When my son was two, he asked me whether Santa was real. He sat on our green couch with his legs straight in front of him, his orange and blue striped t-shirt stained with the grape popsicle he had been eating. His feet barely reached the edge of the cushions. I didn’t want to lie. And I didn’t want to take away the mystery and innocence of childhood either.
“Do you think Santa is real?” I asked.
He was quiet for a minute. Then he put a finger under his chin saying, “I think he’s real and he’s not real.”
Now he’s six years old, and it’s getting harder to answer his questions and it’s getting harder not to lie.
We live three blocks north of Ground Zero in Tribeca. Even five years after the event, September 11 remains a fundamental part of the world we inhabit. It cannot be ignored and it cannot be forgotten. We walk past the deep cavernous hole that used to be the World Trade Center twice every day on our way to and from my son’s school. Threading our way through crowds of tourists, snapping photos of themselves in front of something that is no longer there, we see bouquets of flowers some days, and people shouting about conspiracy theories other days. We see photographs and postcards of the burning buildings being sold at tables along the sidewalk. We see tears and hugs. We see throngs of people looking up at the empty sky and down into the pit of dirt and construction vehicles.
Over the past year, my son has asked me many questions about September 11. Each time, it seems less clear how I should respond.
One day as we walked home from school he asked, “Did the bad guys use guns to crash down the buildings?”
“No. They used knives,” I said.
He looked down at the cracked sidewalk and thought about that for a few seconds as we kept walking.
“Oh so did they have huge knives that were sticking out of the airplanes so that they stabbed up the buildings?”
“Because knives can’t crash a building, right?”
“So how did they do the knives?”
I reached for his hand. He let me take it.
“They used the knives to scare people in the planes so they could crash the planes into the buildings.”
“Yep, on purpose.”
I squeezed his hand.
“So there were two bad guys in two planes?”
“No more than that. More like twenty bad guys.”
We walked a few more paces before he picked up a tattered newspaper page that had gotten stuck between the bars of the wrought-iron fence that separates the old graveyard at St. Paul’s Chapel from the sidewalk.
“Quinlan, don’t pick up garbage. Come on. Let’s get home.”
He didn’t release the newspaper, poking a hole through one side with his index finger. Then he crunched the paper in both fists.
“If the bad guys crashed down those buildings, do you think they could crash down my school?”
And there it was . . . the moment when your child verbalizes your worst fear. I wanted to scream, “Don’t say that. Take it back.” As if his words alone made it possible.
I have a friend who will not play NPR in front of her children because the talk so often turns to killing and war. I have a friend who will not let her son see the front page of a newspaper. I have a friend whose daughter thinks that the same hamster has been living in its cage for three years.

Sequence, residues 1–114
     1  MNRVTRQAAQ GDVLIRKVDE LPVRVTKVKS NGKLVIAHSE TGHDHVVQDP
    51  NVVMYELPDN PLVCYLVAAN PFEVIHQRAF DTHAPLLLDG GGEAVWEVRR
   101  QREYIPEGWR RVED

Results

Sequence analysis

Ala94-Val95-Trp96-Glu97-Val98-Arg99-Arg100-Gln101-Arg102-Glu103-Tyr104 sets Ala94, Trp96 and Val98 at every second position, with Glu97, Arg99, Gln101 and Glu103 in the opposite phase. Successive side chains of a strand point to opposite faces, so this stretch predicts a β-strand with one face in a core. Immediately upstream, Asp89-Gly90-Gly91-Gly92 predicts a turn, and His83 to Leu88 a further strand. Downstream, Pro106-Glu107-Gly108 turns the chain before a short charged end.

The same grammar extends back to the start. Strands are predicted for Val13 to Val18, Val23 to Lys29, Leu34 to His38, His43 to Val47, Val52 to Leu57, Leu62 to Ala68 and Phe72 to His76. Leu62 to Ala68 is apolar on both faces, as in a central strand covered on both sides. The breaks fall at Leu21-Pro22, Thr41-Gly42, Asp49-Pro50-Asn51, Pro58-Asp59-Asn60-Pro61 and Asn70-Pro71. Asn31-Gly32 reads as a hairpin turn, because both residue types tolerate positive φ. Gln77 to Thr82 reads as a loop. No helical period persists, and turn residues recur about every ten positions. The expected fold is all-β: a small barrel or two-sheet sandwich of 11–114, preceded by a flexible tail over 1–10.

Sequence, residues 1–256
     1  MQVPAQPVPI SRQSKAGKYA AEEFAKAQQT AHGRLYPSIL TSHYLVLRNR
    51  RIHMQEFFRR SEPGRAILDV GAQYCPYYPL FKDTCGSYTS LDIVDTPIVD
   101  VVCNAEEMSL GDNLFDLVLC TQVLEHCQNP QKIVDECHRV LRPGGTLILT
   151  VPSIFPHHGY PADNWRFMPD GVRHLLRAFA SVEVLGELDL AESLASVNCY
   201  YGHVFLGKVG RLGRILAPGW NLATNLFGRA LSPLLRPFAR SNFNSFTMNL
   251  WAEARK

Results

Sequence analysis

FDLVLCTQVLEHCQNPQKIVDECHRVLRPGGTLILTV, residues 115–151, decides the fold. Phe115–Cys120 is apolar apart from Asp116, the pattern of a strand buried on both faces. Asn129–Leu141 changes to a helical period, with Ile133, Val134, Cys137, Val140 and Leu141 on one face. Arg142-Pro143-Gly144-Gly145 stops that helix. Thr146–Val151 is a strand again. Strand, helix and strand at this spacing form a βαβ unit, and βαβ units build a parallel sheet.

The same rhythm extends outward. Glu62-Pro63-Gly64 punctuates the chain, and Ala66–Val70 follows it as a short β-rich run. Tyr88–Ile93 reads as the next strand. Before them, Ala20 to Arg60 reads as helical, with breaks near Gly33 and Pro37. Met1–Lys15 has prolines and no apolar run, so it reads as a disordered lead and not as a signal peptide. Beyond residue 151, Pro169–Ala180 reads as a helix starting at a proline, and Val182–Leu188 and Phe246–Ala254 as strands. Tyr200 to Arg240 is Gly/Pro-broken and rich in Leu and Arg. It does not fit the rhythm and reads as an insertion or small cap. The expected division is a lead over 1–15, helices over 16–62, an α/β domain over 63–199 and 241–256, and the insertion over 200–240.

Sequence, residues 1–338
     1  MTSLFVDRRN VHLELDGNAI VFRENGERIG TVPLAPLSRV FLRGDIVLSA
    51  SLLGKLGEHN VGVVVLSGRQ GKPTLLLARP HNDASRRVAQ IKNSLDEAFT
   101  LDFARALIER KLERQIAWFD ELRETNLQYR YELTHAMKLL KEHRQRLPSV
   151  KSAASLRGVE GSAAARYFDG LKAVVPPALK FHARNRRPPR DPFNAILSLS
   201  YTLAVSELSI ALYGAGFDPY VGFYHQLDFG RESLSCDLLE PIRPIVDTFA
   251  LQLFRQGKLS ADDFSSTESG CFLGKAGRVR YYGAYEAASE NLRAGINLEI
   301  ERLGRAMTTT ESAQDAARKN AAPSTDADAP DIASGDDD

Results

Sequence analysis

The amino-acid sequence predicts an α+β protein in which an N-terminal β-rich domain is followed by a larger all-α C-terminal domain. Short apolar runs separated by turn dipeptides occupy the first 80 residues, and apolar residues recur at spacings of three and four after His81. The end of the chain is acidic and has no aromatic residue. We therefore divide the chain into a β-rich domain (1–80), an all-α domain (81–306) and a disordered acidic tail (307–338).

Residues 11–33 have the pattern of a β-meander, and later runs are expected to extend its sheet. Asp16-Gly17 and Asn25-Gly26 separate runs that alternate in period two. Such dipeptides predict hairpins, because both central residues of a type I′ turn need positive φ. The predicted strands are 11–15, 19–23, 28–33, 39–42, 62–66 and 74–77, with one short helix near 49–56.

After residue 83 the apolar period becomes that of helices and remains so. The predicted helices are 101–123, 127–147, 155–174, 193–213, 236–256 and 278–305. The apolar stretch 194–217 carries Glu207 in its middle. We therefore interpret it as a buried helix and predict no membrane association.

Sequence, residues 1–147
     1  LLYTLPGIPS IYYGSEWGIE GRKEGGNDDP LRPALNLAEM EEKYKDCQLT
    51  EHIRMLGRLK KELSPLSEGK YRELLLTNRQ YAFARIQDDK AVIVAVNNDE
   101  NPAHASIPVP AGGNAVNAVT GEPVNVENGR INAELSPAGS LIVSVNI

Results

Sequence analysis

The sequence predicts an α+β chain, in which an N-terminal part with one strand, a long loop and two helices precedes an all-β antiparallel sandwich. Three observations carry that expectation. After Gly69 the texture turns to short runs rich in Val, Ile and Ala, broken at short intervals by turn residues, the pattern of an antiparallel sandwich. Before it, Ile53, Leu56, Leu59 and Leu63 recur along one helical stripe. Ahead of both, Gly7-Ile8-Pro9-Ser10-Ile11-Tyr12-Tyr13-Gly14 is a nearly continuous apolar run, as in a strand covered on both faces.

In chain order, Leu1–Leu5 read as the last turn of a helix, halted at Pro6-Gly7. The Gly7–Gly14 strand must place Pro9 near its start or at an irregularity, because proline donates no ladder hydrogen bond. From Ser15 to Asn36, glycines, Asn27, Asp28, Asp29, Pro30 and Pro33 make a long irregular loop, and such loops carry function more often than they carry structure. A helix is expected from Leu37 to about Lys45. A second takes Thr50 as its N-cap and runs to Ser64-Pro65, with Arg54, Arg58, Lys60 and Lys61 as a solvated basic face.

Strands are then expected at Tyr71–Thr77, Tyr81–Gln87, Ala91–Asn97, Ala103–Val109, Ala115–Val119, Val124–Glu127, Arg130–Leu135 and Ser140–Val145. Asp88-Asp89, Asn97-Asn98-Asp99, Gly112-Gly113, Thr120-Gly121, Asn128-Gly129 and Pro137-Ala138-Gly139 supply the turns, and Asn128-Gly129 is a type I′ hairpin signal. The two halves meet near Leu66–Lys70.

Sometimes I wonder how many years I could fool my son into believing that the construction at the World Trade Center site is just a special new building. Or that the bag checks at the subway are to make sure nobody brings something messy onto the train. I wonder who would be the one to tell him I lied to him.
We see guards and police officers on every corner, in every subway station. We see the machine guns they carry and the German Shepards that sniff cars and trucks in the financial district. School buses and trucks cannot drive across the Brooklyn Bridge. All of these sights would tell him that he wasn’t getting the truth from me.
So I stopped walking and looked at him. His blonde hair stuck up in the front from taking his shirt on and off for gym class. He couldn’t keep his feet still, kicking the edge of the sidewalk with his brown scuffed school shoes.
“Remember all those guards near your school? And remember the dogs and the police cars? They are all there to keep the people and the buildings safe. It’s their job to make sure nobody can crash down your school.”
It was true, even if it didn’t completely answer the question.
He nodded and then leapt up on the fence in front of St. Paul’s. The old grave markers, some sunken and askew, most almost rubbed free of their lettering, seemed such a contrast to his twisting, childish energy. He hung onto the fence and placed one foot in front of the other, until he wobbled, tripped and landed with a thud on the sidewalk next to me.
Later that night, he asked me, “Do the bad guys know how many police we have in New York? Because they definitely won’t want to come back if they find out how many police we have. Zillions.”
There have been more questions since then, “Will our apartment building fall down if all of the glass breaks?” “Can the bad guys flood New York?” “Does everybody die?” “Do bad guys ever crash buildings in California or Minnesota?”
On September 11, 2006, I will take my little boy, with all of his questions, to the place we walk every day, and I will stand in the crowd with him while police officers and fire fighters, wearing their clean dress uniforms and white gloves, salute the people who didn’t survive that day five years ago. I will listen to family members read the names of their loved ones. I will hold my son’s hand and I will answer the questions he asks. I can’t make this world a place where the World Trade Center never fell and bad guys never attack. I can only hold his hand and answer his questions. I hope it will be enough.